Stables with clock turret
Claremont Woods National Trust, laid out by William Kent about 1730, with an
enchanting lake andany fine
trees and rhododendrons.
Home Farm House.Must be by
Vanburgh.White brick and walled garden.
Milepost in south side of A3 SW of Claremont House.Square.
Post to the south Woodside Post to the east Birkbeck Post to the north Anerley Albert Road This road is the earliest built here, first listed in 1855, and although the Croydon Canal was no longer in use it influenced the alignment of the road. From the junction with Portland Road looking the curve of the road reflects the line of the old canal which was to the north of the houses. It is named after Albert, the Prince Consort. 74-76 Stanleybury . Very large three-storey semis. Built for William Stanley, who moved to 74 in 1867. William Stanley’s works in South Norwood was complimented by his local philanthropy. His site is now a close of modern flats. Accidentally demolished. 67 small trading estate and MOT centre . At one time this was home to a theatre transport specialist. St.Mark . This was the first church in the area and is the parish church by G. H. Lewis. The nave was built in 1852 and the church was extended in 1862 and in successive years until 1890. It is in Kentis
River Lea/Bow Creek The Lea winds itself generally southwards towards the Thames TQ 39505 81448 Canning Town on the Essex bank of Lea/Bow Creek. This was, and is, a heavily industrialised area together with a very down market housing area with markets, shops, cinemas, pubs and many charitable and missionary organisations. In the 2000s public transport has been transformed and much housing renewed, and it is an area in a great deal of change. Post to the west Poplar Post to the south Leamouth and Dome Post to the east Canning Town, Butchers Road Post to the north West Ham Station Appleby Road The road is named after a local ARP warden who was killed during the Blitz. A pre-war suburban ideal is demonstrated in this West Ham estate. Barking Road It was built by the Commercial Road Turnpike Trust from the East India Docks eastwards. Now the A124 it formed part of the original A13 before the building so the East Ham and Barking Bypass in 1928. It was widened as part o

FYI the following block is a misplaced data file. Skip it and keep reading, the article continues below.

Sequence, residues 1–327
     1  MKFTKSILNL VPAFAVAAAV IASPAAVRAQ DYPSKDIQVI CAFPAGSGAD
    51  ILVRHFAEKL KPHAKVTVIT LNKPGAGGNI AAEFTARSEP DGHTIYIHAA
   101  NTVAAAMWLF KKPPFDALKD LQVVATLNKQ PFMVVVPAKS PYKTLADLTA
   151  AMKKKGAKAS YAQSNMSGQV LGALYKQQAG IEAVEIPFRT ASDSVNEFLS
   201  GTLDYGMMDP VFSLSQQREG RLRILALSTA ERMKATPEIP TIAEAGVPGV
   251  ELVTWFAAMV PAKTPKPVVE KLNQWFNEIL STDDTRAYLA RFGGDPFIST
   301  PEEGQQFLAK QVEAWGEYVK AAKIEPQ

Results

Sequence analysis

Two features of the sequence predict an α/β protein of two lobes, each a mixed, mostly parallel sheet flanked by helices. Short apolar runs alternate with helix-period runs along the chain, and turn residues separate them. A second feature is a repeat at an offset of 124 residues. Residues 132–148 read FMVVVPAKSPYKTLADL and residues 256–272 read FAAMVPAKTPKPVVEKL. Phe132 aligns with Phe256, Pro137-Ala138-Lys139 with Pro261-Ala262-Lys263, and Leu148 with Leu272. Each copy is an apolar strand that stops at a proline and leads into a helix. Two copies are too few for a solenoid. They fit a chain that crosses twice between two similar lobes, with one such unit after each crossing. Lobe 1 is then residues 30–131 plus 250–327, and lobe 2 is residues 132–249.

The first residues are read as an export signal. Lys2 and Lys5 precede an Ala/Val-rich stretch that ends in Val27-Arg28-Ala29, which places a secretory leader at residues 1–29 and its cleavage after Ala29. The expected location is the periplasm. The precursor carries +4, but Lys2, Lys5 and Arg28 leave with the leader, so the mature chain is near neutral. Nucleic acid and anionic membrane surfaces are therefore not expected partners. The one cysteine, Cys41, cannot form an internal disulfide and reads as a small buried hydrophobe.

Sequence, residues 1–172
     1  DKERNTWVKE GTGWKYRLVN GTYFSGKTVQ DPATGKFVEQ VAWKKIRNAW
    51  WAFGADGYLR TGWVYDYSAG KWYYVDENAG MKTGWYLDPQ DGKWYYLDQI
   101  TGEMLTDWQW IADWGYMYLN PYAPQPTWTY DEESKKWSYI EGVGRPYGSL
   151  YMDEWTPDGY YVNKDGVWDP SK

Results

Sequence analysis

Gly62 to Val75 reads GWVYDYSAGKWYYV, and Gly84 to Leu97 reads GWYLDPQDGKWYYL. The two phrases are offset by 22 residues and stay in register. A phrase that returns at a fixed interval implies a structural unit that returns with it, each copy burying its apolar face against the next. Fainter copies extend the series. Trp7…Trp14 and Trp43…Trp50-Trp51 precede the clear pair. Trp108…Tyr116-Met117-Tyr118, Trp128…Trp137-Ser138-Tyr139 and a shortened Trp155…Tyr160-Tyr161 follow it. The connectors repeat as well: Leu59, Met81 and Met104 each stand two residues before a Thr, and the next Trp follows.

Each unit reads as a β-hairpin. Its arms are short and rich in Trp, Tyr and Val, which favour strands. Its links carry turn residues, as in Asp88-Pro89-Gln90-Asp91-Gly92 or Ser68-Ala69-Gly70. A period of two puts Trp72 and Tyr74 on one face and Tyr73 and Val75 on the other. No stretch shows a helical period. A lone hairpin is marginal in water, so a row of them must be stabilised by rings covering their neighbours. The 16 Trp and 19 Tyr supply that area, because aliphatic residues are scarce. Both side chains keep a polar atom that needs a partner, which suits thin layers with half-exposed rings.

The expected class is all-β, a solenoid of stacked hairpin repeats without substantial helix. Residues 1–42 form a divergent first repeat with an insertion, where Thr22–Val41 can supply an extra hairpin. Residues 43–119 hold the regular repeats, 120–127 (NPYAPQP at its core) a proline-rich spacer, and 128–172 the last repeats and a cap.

Post to the west (north west quarter) Mile End Post to the west (north east quarter) Post to the east Bromley by Bow Post to the north Old Ford Addington Road Addington Arms . Pub dating from the 1860s. It does not appear to be still there. Police stables . From 1938 twenty horses were located here. These stables were built in moderne style white concrete by police surveyor Gilbert Mackenzie Trench. There is a stable at the back as well as tack rooms and a chimney for the forge – there was a full time farrier. Above are two flats for married police officers. The white concrete wall is original. Alfred Street 1-5 Inland Revenue Office . Sold off 1981. Has been used as a college an as offices Almshouses Way, This was once called Priscilla Street. 1 Drapers' Almshouses . These were built in 1706. What remains is a brick group of four tenements with central raised and pedimented chapel. They were restored in 1982 but were originally part of a larger group funded by